Writing with Authenticity and Connection:

An Interview with Charlene Allen

November 29, 2023

Charlene Allen is an author of YA fiction who uses the experiences of her past, as well as her career as a criminal justice activist, to inform her writing. In this interview, Charlene talks about what’s inspired her to write, her advice for writers, and her upcoming workshop at SDWI.

 

 

Lily Damron: In your YA workshop, you talk about “embracing the energy of coming of age” and using your experiences to create a story that’s authentic to you. What have you done to find those stories in your career?

 

Charlene Allen: When I was a young adult, I paid so much attention to the world around me. I took in details. I took in moods, language, and emotions. When I write from a YA perspective, I find that all of that information is still in me, both felt and understood. The memory of a particular friend, for example, informs one of the friendships in My Fairy God Somebody. The relationship I brought to the page is infused with pajama’d conversations full of painful first disclosures, new discoveries, and even the joy of sharing impossibly satisfying food. I remember the two of us tucked inside a bond of what felt like endless trust.

 

When I write, it takes emotional effort to get and stay in touch with those memories, but it’s also very rewarding.

 

LD: You also talk about making a promise to readers in your writing. What is this promise, and how have you seen its importance?

 

CA: For me, the first line, paragraph, page of a work of fiction is absolutely a promise to your reader. This is how I want you to feel; this is how much of myself and my characters I am going to share with you. This is how I will hold you for the pages to come. None of that means that the promise flows off the writer’s fingertips when they sit down to write page one – at least it doesn’t work that way for me. But I keep the idea of that promise in the back of my mind, to help me stay grounded in the characters’ voices and authenticity. And I  revisit my opening pages as I write other chapters and when I finish a draft, until I feel like I’ve made a meaningful promise that’s kept throughout the book.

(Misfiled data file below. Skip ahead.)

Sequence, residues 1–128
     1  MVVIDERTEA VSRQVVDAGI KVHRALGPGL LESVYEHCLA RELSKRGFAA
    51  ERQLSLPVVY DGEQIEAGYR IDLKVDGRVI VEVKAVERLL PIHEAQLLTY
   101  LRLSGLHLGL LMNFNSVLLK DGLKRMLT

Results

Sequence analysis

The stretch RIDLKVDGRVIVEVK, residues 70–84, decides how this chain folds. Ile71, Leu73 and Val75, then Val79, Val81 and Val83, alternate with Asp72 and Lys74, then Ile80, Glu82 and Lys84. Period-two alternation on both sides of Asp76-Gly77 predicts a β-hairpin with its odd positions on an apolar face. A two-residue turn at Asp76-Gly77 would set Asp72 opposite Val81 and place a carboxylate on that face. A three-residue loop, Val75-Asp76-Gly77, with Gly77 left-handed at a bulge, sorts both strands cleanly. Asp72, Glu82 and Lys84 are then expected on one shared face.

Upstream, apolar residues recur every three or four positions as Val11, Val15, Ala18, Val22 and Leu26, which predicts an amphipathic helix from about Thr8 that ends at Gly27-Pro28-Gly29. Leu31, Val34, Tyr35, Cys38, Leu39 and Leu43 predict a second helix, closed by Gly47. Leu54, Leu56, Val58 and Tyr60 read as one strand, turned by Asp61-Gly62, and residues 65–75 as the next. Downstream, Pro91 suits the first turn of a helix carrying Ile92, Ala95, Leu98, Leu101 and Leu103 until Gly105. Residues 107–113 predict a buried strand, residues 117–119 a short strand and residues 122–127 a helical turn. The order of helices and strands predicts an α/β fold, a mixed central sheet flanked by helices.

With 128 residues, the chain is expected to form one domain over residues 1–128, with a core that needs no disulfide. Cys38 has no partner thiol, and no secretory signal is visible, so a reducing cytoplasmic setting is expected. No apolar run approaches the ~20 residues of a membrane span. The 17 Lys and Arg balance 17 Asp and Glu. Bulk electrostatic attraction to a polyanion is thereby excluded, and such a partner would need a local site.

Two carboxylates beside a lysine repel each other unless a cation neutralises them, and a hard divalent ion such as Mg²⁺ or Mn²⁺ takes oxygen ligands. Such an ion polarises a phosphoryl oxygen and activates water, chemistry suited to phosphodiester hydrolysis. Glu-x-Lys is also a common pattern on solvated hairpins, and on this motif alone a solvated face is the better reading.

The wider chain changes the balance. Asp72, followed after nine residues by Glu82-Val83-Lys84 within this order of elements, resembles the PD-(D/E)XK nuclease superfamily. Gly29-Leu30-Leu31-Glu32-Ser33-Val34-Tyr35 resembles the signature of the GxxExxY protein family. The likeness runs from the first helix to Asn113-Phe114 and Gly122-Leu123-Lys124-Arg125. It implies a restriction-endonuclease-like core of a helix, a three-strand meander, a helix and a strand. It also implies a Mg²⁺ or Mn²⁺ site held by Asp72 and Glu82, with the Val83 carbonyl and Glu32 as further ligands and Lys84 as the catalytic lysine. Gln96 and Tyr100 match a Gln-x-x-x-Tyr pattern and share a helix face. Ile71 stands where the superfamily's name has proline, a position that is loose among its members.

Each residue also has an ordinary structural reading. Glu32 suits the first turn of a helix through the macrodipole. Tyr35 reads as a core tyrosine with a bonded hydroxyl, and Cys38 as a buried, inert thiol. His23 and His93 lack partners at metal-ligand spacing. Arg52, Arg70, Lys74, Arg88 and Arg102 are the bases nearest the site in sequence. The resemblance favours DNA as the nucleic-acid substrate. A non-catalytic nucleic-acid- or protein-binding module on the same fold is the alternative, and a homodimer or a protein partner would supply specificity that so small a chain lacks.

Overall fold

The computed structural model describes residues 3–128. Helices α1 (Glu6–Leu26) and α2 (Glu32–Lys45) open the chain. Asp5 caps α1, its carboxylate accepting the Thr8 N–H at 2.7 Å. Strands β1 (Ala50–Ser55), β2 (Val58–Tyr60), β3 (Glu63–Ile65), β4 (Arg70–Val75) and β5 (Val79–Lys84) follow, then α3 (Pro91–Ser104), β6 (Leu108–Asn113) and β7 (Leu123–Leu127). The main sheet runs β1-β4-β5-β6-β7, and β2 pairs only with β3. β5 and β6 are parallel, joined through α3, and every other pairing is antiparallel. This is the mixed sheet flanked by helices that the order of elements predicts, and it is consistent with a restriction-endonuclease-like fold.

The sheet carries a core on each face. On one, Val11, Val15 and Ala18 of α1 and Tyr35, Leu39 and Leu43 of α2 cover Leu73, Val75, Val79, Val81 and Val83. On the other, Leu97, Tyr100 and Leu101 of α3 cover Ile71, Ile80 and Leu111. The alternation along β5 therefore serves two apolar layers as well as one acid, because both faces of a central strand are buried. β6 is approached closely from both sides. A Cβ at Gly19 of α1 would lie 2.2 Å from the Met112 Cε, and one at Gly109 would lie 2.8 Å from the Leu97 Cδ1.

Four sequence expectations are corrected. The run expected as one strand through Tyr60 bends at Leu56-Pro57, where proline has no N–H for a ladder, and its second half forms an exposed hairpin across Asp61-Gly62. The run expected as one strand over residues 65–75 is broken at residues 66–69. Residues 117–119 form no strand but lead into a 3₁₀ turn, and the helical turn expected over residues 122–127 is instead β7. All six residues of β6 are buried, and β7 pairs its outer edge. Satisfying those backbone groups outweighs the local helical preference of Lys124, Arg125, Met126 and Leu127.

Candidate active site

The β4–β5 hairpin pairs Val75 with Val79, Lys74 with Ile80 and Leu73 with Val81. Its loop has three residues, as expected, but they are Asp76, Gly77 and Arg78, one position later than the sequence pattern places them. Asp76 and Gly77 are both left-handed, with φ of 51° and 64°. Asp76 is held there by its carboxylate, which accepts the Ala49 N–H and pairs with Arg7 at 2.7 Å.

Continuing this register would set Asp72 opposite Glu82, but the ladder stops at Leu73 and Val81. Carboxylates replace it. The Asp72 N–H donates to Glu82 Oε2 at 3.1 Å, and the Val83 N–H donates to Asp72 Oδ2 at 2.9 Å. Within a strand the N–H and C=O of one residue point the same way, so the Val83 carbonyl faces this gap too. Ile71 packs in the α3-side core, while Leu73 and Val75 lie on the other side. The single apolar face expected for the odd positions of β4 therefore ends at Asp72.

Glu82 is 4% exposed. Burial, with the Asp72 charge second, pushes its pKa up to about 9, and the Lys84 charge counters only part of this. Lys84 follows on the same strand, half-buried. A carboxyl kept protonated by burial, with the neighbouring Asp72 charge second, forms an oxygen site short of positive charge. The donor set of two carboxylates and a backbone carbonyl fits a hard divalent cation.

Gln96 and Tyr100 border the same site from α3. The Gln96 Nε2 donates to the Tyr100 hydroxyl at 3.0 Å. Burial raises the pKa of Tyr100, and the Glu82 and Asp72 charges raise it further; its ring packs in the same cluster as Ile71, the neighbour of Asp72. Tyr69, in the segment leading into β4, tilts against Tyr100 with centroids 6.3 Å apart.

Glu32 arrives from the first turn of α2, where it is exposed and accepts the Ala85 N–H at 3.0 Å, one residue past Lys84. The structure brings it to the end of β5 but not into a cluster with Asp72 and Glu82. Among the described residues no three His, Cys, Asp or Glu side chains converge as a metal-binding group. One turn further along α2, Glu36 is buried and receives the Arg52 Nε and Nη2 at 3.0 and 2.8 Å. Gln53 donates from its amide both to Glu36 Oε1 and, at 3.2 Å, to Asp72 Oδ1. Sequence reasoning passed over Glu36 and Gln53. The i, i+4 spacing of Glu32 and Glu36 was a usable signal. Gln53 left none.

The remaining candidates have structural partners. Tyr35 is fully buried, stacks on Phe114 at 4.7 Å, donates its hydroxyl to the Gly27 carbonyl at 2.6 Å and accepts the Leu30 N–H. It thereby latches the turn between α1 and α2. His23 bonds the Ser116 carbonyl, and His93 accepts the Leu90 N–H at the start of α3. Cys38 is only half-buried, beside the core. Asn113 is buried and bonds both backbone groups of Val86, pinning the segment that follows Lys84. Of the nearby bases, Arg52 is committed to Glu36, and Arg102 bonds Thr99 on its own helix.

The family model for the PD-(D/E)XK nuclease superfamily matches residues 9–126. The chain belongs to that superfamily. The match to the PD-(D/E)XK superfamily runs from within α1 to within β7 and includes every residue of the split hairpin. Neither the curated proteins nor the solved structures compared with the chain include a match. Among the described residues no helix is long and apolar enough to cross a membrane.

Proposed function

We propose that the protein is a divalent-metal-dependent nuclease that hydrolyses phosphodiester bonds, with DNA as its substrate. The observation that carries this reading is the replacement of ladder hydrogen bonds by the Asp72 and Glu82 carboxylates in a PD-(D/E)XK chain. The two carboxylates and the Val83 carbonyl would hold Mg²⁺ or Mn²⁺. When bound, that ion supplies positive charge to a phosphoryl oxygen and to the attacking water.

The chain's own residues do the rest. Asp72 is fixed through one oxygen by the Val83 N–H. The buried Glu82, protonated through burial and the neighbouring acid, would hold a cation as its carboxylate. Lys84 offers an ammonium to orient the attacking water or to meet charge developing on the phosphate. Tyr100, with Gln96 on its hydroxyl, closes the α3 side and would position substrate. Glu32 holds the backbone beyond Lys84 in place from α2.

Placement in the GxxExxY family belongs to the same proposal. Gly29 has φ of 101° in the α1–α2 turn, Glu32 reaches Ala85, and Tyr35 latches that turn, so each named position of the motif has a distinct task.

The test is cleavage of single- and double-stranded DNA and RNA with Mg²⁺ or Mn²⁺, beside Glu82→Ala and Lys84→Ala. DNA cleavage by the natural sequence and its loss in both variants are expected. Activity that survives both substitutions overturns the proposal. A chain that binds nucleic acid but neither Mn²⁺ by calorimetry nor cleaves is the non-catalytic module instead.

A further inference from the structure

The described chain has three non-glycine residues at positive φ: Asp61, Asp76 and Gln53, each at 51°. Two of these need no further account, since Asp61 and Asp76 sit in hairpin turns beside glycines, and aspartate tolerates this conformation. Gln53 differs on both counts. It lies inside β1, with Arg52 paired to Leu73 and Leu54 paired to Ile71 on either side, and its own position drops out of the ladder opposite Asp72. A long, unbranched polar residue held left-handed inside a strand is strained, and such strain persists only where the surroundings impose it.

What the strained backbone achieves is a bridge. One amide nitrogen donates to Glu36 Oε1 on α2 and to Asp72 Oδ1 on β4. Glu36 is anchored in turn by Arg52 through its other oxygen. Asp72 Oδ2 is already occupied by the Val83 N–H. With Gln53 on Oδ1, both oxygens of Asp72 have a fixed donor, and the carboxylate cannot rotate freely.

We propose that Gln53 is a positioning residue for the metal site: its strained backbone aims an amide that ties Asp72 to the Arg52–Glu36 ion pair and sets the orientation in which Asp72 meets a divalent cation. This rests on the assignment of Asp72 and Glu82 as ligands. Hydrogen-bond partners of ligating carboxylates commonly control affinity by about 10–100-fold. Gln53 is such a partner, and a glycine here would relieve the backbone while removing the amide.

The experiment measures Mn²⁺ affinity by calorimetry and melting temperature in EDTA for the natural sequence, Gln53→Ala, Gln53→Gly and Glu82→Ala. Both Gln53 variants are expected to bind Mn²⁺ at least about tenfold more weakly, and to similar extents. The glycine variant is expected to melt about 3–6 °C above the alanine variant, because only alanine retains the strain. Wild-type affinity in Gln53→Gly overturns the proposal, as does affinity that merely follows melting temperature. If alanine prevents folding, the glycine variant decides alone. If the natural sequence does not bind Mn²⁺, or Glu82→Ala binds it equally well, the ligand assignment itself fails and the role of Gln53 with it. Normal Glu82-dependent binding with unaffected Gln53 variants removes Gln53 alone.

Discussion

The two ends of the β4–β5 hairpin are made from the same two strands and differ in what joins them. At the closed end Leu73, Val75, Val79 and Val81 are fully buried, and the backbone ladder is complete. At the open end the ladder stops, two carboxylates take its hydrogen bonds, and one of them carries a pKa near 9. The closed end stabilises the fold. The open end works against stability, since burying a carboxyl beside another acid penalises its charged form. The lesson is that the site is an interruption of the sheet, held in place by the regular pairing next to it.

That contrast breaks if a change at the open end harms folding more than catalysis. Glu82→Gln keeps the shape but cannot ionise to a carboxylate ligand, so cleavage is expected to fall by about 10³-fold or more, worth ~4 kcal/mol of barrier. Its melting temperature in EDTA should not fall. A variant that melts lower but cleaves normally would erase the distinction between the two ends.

LD: What do you hope your workshop attendees will take away from the session?

 

CA: I want people to leave the workshop jazzed to write! For me, there’s nothing more inspiring than talking with other writers, feeling validated by how we all walk the same path, and at the same time, learning new tools we can bring to the craft. We’ll also write together during the workshop, in an environment that’s designed to be both stimulating and supportive. I hope people will lean into that experience, allow for some of the vulnerability that’s key to good writing, and walk away a bit more connected to their own writer-selves.

 

LD: Your work as an activist and lawyer working to fight systemic injustice influenced your debut novel, Play the Game.When did you realize you wanted to turn that work into creative writing?

 

CA: People say “write what you know,” which I think can be useful advice, though I think most writing is a combination of material we know well and new material that intrigues us. I think it’s even more important to write what matters to us. I first conceived of the idea for Play the Game when I was working within the criminal legal system and I was struck on a daily basis by how corrupt the system was and how much of a deep impact it could have on people’s lives – disproportionately, the lives of young people of color. I wrote about that because it deeply matters to me.

 

LD: You received your MFA in 2018, after achieving a JD years prior. What inspired you to go back to school for writing?

 

CA: I’ve always loved to write. After decades of writing on my own, I understood that I needed both community and structure to advance my skills and grow as a writer. And, at that particular point in my life, I was ready and able to give myself those gifts.

 

LD: Is there any other advice you’d like to share?

 

CA: Community really is critical to writing. My advice is to find or build your writers community, invest in it, and continue to hold on to it through the ups and downs of your career.

 

 

Don’t forget to sign up for Charlene’s upcoming YA Fiction Workshop on December 9!

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